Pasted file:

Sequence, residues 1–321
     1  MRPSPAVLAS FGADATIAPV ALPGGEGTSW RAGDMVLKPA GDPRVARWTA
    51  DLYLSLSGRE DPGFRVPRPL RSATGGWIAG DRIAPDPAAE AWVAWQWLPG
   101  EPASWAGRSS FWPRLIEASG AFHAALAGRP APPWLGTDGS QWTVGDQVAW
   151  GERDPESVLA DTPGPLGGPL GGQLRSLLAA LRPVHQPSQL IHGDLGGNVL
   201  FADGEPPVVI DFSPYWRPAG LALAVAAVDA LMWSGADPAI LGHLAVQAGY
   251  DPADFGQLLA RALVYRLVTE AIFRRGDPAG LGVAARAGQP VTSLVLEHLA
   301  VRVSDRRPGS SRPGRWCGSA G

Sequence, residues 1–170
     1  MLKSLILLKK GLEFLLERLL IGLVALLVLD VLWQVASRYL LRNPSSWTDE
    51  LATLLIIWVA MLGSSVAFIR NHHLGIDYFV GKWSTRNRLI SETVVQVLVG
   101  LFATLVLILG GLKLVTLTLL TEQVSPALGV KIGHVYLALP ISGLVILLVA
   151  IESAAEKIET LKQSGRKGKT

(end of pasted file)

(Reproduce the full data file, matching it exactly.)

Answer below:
Sequence, residues 1–321
     1  MRPSPAVLAS FGADATIAPV ALPGGEGTSW RAGDMVLKPA GDPRVARWTA
    51  DLYLSLSGRE DPGFRVPRPL RSATGGWIAG DRIAPDPAAE AWVAWQWLPG
   101  EPASWAGRSS FWPRLIEASG AFHAALAGRP APPWLGTDGS QWTVGDQVAW
   151  GERDPESVLA DTPGPLGGPL GGQLRSLLAA LRPVHQPSQL IHGDLGGNVL
   201  FADGEPPVVI DFSPYWRPAG LALAVAAVDA LMWSGADPAI LGHLAVQAGY
   251  DPADFGQLLA RALVYRLVTE AIFRRGDPAG LGVAARAGQP VTSLVLEHLA
   301  VRVSDRRPGS SRPGRWCGSA G

Sequence, residues 1–170
     1  MLKSLILLKK GLEFLLERLL IGLVALLVLD VLWQVASRYL LRNPSSWTDE
    51  LATLLIIWVA MLGSSVAFIR NHHLGIDYFV GKWSTRNRLI SETVVQVLVG
   101  LFATLVLILG GLKLVTLTLL TEQVSPALGV KIGHVYLALP ISGLVILLVA
   151  IESAAEKIET LKQSGRKGKT